Tonight’s episode obviously wouldn’t have been possible without a giant douche in the Oval Office, not because we lived in a post-racial society before him, but because, until recently, the type of overt racism that wears matching hoods, goes to the same barber, and twirls more flags than a high school color guard had more or less been forced underground or online among the skankhunts of the world. If you recall “Chef Goes Nanners” — the Season Four episode in which Chef protests the blatantly racist South Park town flag — not even Jimbo and the “heritage” lot want the Klan on their side; no, that type of racism was rightly relegated to jokes about hitting the showers and lingerie beneath Klan robes. Charlottesville changed things, though — or, more importantly, showed us that things had changed under our negligent watch. Now, the same white people who voted for a giant douche — or at least against a turd sandwich — and believe in preserving statues find Klansmen, skinheads, and neo-Nazis casting identical ballots, showing up at the same rallies, and cheering on the same giant douche. If you’re a Trump supporter and this doesn’t concern you, I’m not sure what will.
But leave it to Parker and Stone not to simply make jokes about khakis and tiki torches this time around. Daryl, the redneck who looks like Jeff Foxworthy, and his fellow down-and-out white folks don’t come across as particularly racist at first. They can spit Kendrick Lamar verses and are more inclined to use their Confederate battle flags to swat at a bee or wave over some scalding-hot soup than to intimidate others. Their main concern is that they’ve seen their jerbs (jobs) dry up recently and blame automated newcomers like Alexa and Siri. On the other hand, you have progressive whites like Randy and Sharon Marsh who are renovating white America one house at a time on their new television show. Naturally, it’s bad for the business of white renovations that redneck protesters keep appearing during filming, but Randy has never thought to do a “renovation” to “break down walls” and provide an “open concept” for someone like Daryl. That job would be too labor intensive and dirty for him. It’s only after an agreement to have Daryl and his friends replace all the automation devices in town that things turn truly nasty. Daryl realizes that those FOBs (Fresh Out of Boxes) aren’t stealing the types of jobs he wants, gets condescended to by Randy for thinking he deserves better, and, in a moment of rage, unleashes a hateful vituperation against Muslims, blacks, and Mexicans. Randy may never quite understand that he’s actually been part of the problem, but he at least recognizes that people like Daryl shouldn’t simply be dismissed and discarded or assumed to be content as they are. Their renovations may just take more effort — in Randy’s case, a few more sledge hammers and mixed martial arts kicks.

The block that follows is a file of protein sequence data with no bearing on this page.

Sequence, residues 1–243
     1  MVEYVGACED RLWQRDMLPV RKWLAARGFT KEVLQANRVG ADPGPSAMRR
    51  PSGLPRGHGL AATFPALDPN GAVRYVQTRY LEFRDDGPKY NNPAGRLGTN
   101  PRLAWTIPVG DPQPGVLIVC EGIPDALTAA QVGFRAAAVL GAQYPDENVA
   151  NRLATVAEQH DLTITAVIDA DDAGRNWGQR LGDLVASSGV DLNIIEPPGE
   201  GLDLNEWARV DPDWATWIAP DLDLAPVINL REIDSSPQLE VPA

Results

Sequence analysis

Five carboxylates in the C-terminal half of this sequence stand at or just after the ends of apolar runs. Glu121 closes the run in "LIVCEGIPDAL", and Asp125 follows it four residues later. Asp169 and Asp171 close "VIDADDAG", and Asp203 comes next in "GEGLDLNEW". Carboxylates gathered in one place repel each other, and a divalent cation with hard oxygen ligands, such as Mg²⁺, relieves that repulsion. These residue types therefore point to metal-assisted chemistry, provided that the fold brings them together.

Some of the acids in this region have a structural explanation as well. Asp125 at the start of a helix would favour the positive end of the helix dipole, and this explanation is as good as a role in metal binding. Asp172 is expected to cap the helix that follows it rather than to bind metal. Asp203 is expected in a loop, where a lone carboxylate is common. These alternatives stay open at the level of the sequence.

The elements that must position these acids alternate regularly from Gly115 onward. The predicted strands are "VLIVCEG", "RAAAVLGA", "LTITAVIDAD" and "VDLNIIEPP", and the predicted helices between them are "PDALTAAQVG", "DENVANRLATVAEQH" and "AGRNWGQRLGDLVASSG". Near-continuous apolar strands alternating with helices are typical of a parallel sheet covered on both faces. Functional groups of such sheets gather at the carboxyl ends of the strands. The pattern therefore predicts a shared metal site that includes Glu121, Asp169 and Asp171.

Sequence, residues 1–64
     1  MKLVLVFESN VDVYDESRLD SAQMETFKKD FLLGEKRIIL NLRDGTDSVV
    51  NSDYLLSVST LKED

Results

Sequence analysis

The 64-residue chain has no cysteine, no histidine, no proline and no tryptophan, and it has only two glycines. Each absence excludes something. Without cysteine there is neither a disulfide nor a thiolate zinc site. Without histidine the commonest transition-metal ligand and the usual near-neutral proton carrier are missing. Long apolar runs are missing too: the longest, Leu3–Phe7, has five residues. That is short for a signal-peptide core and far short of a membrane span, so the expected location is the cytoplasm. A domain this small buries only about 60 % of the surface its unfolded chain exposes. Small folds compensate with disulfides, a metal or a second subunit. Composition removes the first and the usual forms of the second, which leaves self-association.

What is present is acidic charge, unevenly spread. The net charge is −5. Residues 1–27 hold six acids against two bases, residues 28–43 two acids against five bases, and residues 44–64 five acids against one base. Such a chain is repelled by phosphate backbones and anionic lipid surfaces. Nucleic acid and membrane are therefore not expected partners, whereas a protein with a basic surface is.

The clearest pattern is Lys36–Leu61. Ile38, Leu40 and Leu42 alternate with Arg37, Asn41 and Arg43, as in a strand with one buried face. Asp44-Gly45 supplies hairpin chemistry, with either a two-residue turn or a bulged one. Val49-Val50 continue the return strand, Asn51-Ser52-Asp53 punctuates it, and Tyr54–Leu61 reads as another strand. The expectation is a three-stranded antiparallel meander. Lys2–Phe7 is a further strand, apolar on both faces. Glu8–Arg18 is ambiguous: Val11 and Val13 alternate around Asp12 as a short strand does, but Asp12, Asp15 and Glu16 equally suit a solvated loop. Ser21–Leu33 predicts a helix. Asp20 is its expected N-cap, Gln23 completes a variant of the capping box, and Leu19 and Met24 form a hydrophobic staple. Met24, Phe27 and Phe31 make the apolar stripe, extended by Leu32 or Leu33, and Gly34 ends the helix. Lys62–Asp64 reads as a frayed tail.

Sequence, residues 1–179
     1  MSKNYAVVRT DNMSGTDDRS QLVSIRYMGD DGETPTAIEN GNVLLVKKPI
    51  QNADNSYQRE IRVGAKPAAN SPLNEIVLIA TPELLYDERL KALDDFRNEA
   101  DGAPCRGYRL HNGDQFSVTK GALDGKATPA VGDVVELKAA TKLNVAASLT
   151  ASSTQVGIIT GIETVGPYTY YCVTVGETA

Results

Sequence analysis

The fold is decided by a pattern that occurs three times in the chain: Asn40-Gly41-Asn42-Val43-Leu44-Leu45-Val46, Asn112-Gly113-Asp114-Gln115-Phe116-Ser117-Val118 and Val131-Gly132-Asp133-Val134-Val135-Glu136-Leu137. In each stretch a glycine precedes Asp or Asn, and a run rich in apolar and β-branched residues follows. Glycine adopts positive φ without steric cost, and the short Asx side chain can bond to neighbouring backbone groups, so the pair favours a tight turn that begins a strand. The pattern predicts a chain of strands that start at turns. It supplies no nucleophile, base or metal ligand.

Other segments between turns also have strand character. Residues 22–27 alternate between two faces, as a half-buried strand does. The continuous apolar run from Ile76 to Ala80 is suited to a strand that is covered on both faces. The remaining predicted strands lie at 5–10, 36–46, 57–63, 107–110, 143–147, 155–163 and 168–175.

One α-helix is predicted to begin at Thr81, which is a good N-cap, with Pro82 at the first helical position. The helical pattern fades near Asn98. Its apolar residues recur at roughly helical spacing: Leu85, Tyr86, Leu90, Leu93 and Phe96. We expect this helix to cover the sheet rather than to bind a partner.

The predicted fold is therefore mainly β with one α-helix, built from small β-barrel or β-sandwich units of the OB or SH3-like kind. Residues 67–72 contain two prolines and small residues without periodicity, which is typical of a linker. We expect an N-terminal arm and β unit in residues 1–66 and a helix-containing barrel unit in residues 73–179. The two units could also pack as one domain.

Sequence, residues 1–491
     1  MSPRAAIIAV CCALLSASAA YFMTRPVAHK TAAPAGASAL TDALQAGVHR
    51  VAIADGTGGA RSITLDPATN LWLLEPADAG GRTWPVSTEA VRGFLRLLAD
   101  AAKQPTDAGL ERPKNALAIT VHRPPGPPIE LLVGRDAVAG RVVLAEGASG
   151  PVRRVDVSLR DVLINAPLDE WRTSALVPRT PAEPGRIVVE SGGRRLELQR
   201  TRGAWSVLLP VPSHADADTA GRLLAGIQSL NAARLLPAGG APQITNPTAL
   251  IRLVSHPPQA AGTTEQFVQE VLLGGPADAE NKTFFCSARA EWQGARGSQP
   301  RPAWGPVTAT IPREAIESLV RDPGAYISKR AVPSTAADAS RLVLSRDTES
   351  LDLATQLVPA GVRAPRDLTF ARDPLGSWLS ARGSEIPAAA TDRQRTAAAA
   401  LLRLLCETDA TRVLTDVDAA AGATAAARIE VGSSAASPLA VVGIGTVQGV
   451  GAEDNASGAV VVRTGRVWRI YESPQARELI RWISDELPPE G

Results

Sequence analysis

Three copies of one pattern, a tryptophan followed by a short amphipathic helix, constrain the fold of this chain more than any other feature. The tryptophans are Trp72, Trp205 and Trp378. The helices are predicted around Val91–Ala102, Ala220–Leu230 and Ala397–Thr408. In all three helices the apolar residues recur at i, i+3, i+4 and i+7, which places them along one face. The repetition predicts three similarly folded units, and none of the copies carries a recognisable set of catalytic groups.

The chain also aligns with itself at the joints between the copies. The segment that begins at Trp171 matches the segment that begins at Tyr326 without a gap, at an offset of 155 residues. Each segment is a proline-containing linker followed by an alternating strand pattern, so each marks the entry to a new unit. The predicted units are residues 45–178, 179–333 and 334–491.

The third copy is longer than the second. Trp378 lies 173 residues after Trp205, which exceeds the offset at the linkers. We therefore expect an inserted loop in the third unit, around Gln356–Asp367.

When we look back at images from Charlottesville, it’s difficult not to feel hatred for those who marched on behalf of hate. It’s hard not to crack a smile when someone like Richard Spencer gets blindsided by a right hook while giving an interview. These ideologies of hatred need to be confronted, but, as this episode points out, it’s easy to forget that there are many of our countrymen and women who feel genuinely forgotten and left behind. When times feel hopeless, that’s when people lash out, blame others, and allow ideologies of hatred to fill the voids in their lives. Parker and Stone could have spent 20-plus minutes mocking white nationalism, and it may have made for a funnier episode; there aren’t a ton of laughs to be found here. Instead, they shed a light on how all of us allow hate to fester by failing to self-renovate and help out our hurting brothers and sisters.
Good jerb, fellas.
Click ahead for this week’s scorecard and grade.